Some people spring clean, but I find a good before-school-starts cleaning to be far more beneficial. And necessary, by virtue of the fact we have neglected doing much cleaning all summer. And heaven knows nothing-- except homework-- gets done during the school year. And so the cleaning of closets, bedrooms, playrooms and such had to happen.

When I told Girl 1 we would REALLY be cleaning her room, because she could no longer use her floor as her closet, her response was, "I'm afraid I may be one of those people, like on that show, that can't throw anything away because they keep everything."

Me: "Do you mean Hoarders?"

Her: "Yeah, that one."

Me: "When did you watch Hoarders?"

Her: "At Grammy's"*

Me: thinking I should probably not be happy about her watching this show, and also assure her that her inability to throw things away is actually a laziness problem, as opposed to a psychological one, but instead, saying, "Well, you probably are a hoarder, judging by how much crap is currently littering every surface of your room, but if you clean it up, you'll be cured. Then we won't have to worry about the dog being buried alive somewhere in here and finding her when she's all crusty and decomposed."

Her: "I don't want to be one of those people... But I don't want to clean my room."

Me: "Start cleaning, or I will." (this is code for "I will throw everything you love in the garbage.")

And so we cleaned. And I wish I could write an inspiring story about how we worked together as a team and had so much fun and I taught her so many valuable life lessons as we went. But really, it just sucked and I said things like, "When are you going to need your notebook from 2nd grade again? You're in 5th grade now." and "We are NEVER having a doggy spa at our house again, so you can go ahead and throw away that schedule you made" in a really loud angry voice.

Part of the problem with cleaning her room was the little part of me that didn't want her to throw away that 2nd grade notebook. I wanted to sit down and look at it and remember her three years ago and what she was learning then. Because now we are reaching a point where she knows so much and I can feel her slipping away a little more each day.

She makes me crazy, but I want to hoard her.  I'm torn between wanting to watch her grow and learn and wanting to keep every little piece of her locked away in a treasure box that I can keep all to myself. But not in a creepy/Mom's-gone-crazy way. I just want to be able to pull her five year old self out of that box and spend a little time with her. Then put her away and pull out her two year old self-- before she had sisters-- and we would sit in the rocking chair reading and cuddling.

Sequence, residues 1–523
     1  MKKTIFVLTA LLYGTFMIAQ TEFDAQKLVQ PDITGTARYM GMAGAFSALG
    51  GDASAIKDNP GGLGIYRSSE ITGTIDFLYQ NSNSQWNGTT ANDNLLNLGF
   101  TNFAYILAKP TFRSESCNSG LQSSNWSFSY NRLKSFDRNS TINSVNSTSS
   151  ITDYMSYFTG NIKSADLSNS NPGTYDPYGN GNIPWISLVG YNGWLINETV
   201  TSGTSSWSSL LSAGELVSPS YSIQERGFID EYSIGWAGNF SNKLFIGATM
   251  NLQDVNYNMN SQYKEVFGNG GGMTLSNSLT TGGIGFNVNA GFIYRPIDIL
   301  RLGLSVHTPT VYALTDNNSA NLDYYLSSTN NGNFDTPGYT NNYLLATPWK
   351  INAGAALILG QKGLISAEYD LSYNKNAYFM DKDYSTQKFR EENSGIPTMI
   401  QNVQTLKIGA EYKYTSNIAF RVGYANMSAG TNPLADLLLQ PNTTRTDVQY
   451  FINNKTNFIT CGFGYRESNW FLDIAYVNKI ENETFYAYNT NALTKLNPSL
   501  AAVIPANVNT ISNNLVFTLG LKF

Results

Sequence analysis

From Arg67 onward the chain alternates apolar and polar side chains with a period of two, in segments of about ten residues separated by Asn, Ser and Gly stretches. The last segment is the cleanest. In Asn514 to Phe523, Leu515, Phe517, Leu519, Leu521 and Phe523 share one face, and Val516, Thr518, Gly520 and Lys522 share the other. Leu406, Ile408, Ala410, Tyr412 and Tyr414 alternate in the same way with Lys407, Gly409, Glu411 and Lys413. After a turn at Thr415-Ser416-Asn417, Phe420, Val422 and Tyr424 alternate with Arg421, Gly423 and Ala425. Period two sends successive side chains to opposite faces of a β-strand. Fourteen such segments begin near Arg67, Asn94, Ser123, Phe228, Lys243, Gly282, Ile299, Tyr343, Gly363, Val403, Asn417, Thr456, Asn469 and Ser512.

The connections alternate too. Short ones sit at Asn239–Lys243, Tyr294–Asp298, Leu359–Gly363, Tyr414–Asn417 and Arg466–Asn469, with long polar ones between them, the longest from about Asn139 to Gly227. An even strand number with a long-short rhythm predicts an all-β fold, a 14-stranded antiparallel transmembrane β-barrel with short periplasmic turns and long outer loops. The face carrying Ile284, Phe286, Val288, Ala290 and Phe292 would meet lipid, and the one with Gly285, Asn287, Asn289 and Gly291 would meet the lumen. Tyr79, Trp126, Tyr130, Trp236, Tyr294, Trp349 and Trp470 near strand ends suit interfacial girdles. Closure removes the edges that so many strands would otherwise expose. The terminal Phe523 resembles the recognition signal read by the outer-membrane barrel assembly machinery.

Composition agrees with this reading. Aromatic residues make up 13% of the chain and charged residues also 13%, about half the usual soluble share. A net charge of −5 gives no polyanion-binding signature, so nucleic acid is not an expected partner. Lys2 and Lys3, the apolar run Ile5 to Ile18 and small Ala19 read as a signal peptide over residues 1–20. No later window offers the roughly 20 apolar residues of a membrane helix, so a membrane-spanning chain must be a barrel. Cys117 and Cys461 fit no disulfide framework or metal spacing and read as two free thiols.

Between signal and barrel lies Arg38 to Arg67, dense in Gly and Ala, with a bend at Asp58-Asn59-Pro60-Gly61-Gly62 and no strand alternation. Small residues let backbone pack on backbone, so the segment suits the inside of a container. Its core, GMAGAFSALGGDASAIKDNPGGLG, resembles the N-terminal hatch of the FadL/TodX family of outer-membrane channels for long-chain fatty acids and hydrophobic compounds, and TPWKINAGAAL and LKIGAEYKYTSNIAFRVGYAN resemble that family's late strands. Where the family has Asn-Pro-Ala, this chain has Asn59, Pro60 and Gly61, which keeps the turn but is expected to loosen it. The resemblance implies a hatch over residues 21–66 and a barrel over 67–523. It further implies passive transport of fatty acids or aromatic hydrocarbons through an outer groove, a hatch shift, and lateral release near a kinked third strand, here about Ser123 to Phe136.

I wish I could keep every picture she's drawn, every story she's written, every project she's completed. I wish I could remember every funny thing she's done and every word she's said-- at least the nice ones. Mostly, though, I wish time wouldn't go so quickly.

I spent a lot of years thinking it couldn't go fast enough. Years of pregnancies, diaper changes, potty training, permanent markers on fresh painted walls, permanent markers on freshly bathed children. Years of questions about what could we possibly be thinking leaving markers out--again.

Now I think it all went too fast. I should have used one of those permanent markers on my memory because I'm forgetting too much of who she was.

And darn it, this post was supposed to be a funny one about hoarding.

But now I'm crying.

So I guess my next post will be about the funny hoarding tendencies of my parents and in-laws. I have none of my own, of course. Except when it comes to my children. If I figure out how to hoard them without all their crap, I just may do it.

* other shows watched at Grammy's house: Cops, Lock Up, and UFC fights. It is a price I am willing to pay for a week alone with my husband once a year.